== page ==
Affidavits are a particular type of document used to record information as evidence for matters being dealt with by a court.
An Affidavit is a document used to record information as evidence for matters being dealt with in Court.
Completed affidavits are filed in a court of law, such as the Family Court, Small Claims Court, Magistrates Court, or the Federal Circuit Court.
The exact court will depend on the type of matter you are dealing with, your particular location and state.
You should use the specific affidavit form provided by the court you are dealing with. You can download the relevant form by navigating to the “forms” page. Refer to the list below.
You will notice that different affidavit forms are available, depending on what the affidavit is being used for, and that different courts have different forms.
You will need to begin your document by completing relevant identifying details, such as the names of the parties, the name and division of the court, the particular registry or location of the court (for example, Sydney, Lismore or Tweed Heads), and the case number.
When you make an affidavit, you will be referred to throughout as the deponent. The word “deponent” is a fancy legal name for the person who is making the affidavit.
Completing the facts
Stick to the relevant facts and be brief as you can. The affidavit should be easy to read and in plain English.
Refer to yourself in the first person throughout the affidavit; that is, use “I”, rather than “the deponent” or your name when setting out what you are wanting to say in the body of the agreement.
Set out the facts in date order for ease of understanding, by a series of numbered sequential paragraphs.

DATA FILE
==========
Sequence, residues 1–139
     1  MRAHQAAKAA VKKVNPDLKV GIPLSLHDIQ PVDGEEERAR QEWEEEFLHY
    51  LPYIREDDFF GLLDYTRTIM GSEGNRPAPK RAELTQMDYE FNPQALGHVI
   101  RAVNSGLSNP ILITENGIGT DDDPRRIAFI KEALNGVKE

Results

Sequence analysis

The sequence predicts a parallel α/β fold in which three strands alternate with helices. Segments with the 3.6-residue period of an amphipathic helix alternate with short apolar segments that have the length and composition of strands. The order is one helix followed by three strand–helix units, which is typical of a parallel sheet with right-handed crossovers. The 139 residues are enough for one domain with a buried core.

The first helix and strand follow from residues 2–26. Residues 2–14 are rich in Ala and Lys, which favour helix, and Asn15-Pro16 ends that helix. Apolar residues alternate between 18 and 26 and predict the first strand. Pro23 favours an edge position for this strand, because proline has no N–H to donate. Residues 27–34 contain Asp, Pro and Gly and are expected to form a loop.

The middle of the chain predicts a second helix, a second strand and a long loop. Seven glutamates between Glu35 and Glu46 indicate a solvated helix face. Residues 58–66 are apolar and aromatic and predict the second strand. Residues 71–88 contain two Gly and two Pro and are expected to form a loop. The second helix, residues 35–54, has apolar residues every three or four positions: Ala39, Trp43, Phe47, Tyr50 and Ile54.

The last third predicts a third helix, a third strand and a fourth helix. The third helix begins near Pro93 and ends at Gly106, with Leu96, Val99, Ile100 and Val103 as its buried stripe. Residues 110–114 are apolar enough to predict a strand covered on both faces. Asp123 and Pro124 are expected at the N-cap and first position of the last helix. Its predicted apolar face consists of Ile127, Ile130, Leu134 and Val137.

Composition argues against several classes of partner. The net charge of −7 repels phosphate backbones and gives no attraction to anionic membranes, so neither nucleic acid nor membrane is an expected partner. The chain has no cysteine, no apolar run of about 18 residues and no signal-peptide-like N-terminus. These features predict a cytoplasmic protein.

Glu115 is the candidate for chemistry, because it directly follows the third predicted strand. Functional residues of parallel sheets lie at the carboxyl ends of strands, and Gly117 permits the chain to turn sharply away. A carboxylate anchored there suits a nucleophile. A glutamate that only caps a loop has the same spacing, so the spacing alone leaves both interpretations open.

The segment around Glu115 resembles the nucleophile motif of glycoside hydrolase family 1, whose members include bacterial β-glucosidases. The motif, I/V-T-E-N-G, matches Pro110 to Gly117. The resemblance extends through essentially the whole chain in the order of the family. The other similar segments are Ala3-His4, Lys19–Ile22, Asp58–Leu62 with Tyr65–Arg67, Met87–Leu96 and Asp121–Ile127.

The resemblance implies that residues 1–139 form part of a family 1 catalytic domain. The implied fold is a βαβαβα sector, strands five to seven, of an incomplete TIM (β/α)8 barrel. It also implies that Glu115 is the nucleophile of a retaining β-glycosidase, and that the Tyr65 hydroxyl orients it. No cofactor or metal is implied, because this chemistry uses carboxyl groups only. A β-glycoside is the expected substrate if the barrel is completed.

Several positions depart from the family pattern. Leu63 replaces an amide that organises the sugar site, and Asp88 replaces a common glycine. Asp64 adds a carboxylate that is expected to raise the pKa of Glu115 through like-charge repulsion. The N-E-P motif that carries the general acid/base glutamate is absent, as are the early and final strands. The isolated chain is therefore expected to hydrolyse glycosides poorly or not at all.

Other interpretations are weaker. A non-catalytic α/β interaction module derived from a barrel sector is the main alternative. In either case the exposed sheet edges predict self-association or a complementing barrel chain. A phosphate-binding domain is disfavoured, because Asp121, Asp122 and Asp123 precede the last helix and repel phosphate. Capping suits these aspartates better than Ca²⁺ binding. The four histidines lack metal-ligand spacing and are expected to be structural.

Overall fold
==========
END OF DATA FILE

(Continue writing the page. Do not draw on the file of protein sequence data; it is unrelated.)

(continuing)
Only state what you know – things that you have seen, heard or experienced directly. You cannot include what others have told you that they have seen or heard. This is referred to as “hearsay” and in most cases, not allowed.
Keep in mind that the information you include in your affidavit will be read by others and become public record. In particular, copies will need to be “served” on the other parties and they will have an opportunity to respond to your affidavit or defend their position.
You can attach documents or other material in support your affidavit as evidence. These attachments are referred to as “annexures” and each should be identified in your affidavit, as “Annexure A”, “Annexure B”, and so on. For example, you could say: “I paid a $5,000 deposit for the motor vehicle on [date], and the receipt I received from ABC Motors is attached, and marked “Annexure A”.”
Choosing to Affirm or Swear
You will notice that you have an option as to whether to affirm or swear an affidavit.
If you believe in a God, you can swear the affidavit is true by your God. You can place your hand on the Bible or other holy book.
Alternatively, you can affirm by solemnly declare the truth of the contents of the affidavit, without any reference to God.
Choose one option and delete the other.
Witnessing your affidavit
Your affidavit must be witnessed by an authorised person, such as a Justice of the Peace or solicitor. Other “authorised persons” will vary depending on your state.
Your witness will need to know that you are the person you say you are, and may ask to sight your Driver’s Licence or other identifying information.
You must sign the document in their presence. The authorised witness will watch you sign the document, and then they will sign it.
You will both need to place your signature at the signing clause at the end of the affidavit, as well as at the bottom of each page and any annexures.
Filing your affidavit
Once your affidavit is completed, signed and witnessed, you can then file it at the relevant court that is handling your matter. You will need to pay a “filing fee,” which will vary according to each court.
Court affidavits and court forms
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